Family Planning

Losing Mum has made us think more about Dad too, about our loss, his death and his funeral. It feels more final this time as nobody needs the house anymore and when our father died, Mum handled everything and we simply supported her. We were a tight family unit who stayed by Dad’s hospital bed for almost 3 weeks as he was dying. This time, my sister and I did the weeks of hospital visiting and now we are the recipients of the kind sympathy cards and bouquets. My sister and I are the grown ups this time, we are in charge of funeral decision making, which feels more daunting. Our only concern right now, is to give Mum the funeral that she deserved, a real celebration of a life well-lived, everything else can wait.

We made good progress on the funeral arrangements this week : we have a date, venues and we have let mourners know. Mum was heavily involved in her local Methodist church, where she became responsible for room bookings, amongst other things. So as a tribute to her role there, we were keen to book a room in the church hall for  refreshments after the celebration service. It seems fitting and hopefully, as there is no travelling to be done, more mourners will be tempted to join us afterwards for a cup of tea and something to eat. The church became her social life and she went there everyday pretty much, so it should play a part in her send-off.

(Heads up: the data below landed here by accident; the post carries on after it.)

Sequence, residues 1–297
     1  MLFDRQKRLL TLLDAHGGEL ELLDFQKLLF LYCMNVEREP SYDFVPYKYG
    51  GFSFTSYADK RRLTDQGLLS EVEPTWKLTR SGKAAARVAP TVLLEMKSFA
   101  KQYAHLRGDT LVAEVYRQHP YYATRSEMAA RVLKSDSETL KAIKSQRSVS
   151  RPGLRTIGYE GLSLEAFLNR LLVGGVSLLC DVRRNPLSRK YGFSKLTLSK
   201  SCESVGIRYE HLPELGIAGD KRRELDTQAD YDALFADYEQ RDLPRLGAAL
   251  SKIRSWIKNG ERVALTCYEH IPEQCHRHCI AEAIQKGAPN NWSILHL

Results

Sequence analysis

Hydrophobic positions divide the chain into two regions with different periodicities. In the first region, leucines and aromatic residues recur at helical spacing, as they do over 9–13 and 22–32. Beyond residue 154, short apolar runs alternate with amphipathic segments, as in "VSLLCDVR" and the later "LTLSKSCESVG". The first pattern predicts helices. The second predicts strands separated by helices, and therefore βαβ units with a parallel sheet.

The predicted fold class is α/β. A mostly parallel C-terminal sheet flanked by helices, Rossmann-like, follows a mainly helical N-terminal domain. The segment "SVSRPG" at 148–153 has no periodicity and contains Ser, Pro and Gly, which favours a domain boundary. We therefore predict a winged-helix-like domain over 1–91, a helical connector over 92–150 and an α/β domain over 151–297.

Her garden was another love and occupation of hers and the garden is looking beautiful at the moment. So we have extended a welcome to family to come back to the house afterwards, to have the opportunity to sit for a while in the peace of her garden. Since Mum was ill, she had organised a gardener to cut her grass and tidy up, as she was no longer able to manage it herself. On the day of her death,  when we went back to Mum’s house, we confirmed that we wanted him to continue to garden all summer; we could not allow her garden to become unkempt and uncared for, as that would be heartbreaking. We are also hoping that some of the flowers or foliage from her garden will be used to decorate the church and hall, to bring another piece of her to the service.

My sister and I share a clear vision of how we would like her funeral to go and we are laying plans in order for that to happen. As with last weekend however, we need our quiet weekends to restore our strength and to rest at our own family homes, ready to tackle more jobs together next week. So I was at home yesterday, and after what felt like a morning on the telephone, my husband and I took the dogs and Joshua for a walk in the park and then we had lunch in a cafe, which was the first half term activity that I have been able to do with Joshua, on the last day of his school holidays. It was restorative to just be us three together. The importance of family – our tight family unit and the wider extended family too – is brought into sharp focus in times like those we are living right now.

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We are Underway